In the late 1970s, I was thrilled by the ability to send and receive messages through the revolutionary medium then known as “electronic mail.” At about the same time, I began to write my letters, notes, articles, and books—we didn’t yet call all such things “documents”—on a computer and store them electronically rather than on cards or papers stuffed into filing cabinets.
Since those days I have thought of the information aspects of life as an unwinnable race. With each new year and each new Moore’s Law–enabled boost in processor speed, transmission rates, storage capacity, and other elements of the information infrastructure, ever more data has come at us, ever faster. Appointments, assignments, driving directions—everything has become part of the expanding cloud of “personal information” necessary for our work and home lives.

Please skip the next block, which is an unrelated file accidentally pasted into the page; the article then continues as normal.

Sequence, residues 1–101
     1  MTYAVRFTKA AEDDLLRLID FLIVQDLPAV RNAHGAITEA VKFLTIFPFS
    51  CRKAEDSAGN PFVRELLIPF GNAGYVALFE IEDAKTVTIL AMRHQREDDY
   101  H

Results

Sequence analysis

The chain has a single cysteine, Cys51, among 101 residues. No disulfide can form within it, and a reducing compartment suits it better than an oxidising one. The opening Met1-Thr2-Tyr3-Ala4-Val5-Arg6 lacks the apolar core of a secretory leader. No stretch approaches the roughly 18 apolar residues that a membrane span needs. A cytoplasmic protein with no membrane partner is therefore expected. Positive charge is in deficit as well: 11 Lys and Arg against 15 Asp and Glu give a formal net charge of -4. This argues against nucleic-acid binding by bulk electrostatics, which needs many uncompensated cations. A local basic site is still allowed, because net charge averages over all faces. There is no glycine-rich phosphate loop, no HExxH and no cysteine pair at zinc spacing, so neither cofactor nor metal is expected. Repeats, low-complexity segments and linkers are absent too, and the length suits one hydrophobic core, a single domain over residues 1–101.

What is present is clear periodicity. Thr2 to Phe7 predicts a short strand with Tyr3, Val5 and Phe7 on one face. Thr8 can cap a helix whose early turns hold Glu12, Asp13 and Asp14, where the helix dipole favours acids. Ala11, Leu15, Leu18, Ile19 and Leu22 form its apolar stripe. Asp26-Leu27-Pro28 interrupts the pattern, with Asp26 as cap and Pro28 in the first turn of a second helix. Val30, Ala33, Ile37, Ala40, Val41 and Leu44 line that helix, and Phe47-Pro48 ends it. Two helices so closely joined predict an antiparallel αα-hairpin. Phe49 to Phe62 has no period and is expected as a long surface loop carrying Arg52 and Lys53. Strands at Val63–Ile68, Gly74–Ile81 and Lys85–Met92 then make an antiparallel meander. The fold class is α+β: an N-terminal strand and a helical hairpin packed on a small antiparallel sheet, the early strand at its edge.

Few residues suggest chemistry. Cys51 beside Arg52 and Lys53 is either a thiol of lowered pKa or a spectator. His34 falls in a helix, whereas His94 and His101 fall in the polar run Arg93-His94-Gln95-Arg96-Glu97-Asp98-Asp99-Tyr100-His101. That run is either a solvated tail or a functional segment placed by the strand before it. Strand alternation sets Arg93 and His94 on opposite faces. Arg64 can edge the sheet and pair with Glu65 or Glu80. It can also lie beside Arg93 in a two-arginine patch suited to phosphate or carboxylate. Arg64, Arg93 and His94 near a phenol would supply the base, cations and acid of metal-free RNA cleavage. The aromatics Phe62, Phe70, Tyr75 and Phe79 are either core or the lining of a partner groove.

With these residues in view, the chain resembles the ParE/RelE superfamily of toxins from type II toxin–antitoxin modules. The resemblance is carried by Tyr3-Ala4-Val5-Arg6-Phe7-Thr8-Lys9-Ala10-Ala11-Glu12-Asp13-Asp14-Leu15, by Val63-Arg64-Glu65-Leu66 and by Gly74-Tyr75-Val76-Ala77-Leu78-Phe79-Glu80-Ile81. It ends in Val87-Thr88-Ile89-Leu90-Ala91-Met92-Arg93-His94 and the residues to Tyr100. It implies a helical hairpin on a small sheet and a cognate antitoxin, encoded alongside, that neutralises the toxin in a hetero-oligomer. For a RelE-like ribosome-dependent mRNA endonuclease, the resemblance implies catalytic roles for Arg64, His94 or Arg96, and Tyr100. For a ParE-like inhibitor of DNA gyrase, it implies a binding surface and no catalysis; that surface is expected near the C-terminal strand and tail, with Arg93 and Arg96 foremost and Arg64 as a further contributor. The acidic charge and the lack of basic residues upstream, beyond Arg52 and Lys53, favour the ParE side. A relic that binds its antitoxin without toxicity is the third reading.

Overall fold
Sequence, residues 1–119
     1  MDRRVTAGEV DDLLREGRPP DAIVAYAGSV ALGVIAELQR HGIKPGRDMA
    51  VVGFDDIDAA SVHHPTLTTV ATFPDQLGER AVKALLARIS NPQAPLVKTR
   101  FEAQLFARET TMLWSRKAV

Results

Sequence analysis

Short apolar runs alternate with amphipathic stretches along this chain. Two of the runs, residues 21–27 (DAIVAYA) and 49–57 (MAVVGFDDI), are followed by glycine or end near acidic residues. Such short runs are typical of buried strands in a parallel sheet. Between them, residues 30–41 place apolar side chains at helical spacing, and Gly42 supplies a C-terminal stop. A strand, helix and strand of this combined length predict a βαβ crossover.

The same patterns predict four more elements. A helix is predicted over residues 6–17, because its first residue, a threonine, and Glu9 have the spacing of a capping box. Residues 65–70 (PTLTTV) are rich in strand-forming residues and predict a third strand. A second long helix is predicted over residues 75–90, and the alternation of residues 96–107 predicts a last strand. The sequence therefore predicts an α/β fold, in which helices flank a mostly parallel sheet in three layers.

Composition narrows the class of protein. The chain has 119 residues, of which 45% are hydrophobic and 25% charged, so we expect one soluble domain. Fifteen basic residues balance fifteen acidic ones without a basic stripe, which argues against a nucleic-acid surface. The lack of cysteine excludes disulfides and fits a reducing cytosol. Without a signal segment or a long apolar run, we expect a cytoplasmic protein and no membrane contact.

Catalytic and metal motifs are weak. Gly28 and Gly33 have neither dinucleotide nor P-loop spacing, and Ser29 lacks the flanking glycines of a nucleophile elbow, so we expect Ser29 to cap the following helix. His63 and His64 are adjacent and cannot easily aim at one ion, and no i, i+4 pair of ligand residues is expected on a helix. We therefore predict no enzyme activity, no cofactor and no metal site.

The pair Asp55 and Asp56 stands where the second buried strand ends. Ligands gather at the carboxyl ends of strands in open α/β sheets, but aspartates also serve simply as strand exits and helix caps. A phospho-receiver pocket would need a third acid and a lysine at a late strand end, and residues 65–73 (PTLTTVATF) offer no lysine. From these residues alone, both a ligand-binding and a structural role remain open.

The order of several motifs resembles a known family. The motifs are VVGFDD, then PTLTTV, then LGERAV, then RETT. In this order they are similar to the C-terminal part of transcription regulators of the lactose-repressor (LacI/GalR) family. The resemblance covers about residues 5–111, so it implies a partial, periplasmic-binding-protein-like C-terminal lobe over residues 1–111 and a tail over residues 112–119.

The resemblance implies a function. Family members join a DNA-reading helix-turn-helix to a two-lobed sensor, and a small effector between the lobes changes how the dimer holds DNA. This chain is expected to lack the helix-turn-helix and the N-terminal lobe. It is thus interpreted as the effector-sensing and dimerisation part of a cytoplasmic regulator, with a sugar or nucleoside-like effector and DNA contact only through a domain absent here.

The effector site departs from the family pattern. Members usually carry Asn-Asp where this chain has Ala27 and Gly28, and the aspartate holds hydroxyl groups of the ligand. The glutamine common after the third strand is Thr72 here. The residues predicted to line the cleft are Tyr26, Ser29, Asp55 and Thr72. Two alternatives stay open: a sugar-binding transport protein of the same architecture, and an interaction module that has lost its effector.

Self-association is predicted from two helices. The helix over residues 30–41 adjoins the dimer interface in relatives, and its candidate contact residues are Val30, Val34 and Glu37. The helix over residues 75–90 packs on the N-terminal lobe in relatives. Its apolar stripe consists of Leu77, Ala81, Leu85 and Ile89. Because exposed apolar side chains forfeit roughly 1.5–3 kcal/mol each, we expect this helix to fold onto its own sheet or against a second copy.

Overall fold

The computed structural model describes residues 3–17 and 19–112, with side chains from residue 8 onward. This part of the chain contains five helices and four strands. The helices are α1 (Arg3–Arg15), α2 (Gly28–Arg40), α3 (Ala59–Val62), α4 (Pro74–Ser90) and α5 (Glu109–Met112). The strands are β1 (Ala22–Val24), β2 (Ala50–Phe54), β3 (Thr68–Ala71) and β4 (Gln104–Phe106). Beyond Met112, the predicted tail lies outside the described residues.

Year by year tools for coping with the onslaught have also been improving—but more slowly. Electronic calendars, online collaboration systems, search engines and archives, and the converging technologies that make up the smartphone revolution did something, but never quite enough, to put people in control of information. “I sometimes wonder whether, with all this data, people have just given up,” Mitch Kapor, a personal-software pioneer, told me recently. “They may just have resigned themselves to living in this infinite sea of information.” Kapor first became famous as the founder of the software company Lotus and the designer of the spreadsheet application Lotus 1-2-3, but I revere him as a creator of the brilliant early personal-information program Lotus Agenda. (Agenda, which I wrote about in The Atlantic back in 1992, is a relic from the MS‑DOS age. All these years later, I keep DOS emulators on my sleek, modern MacBook Airs purely so I can run the program from time to time.)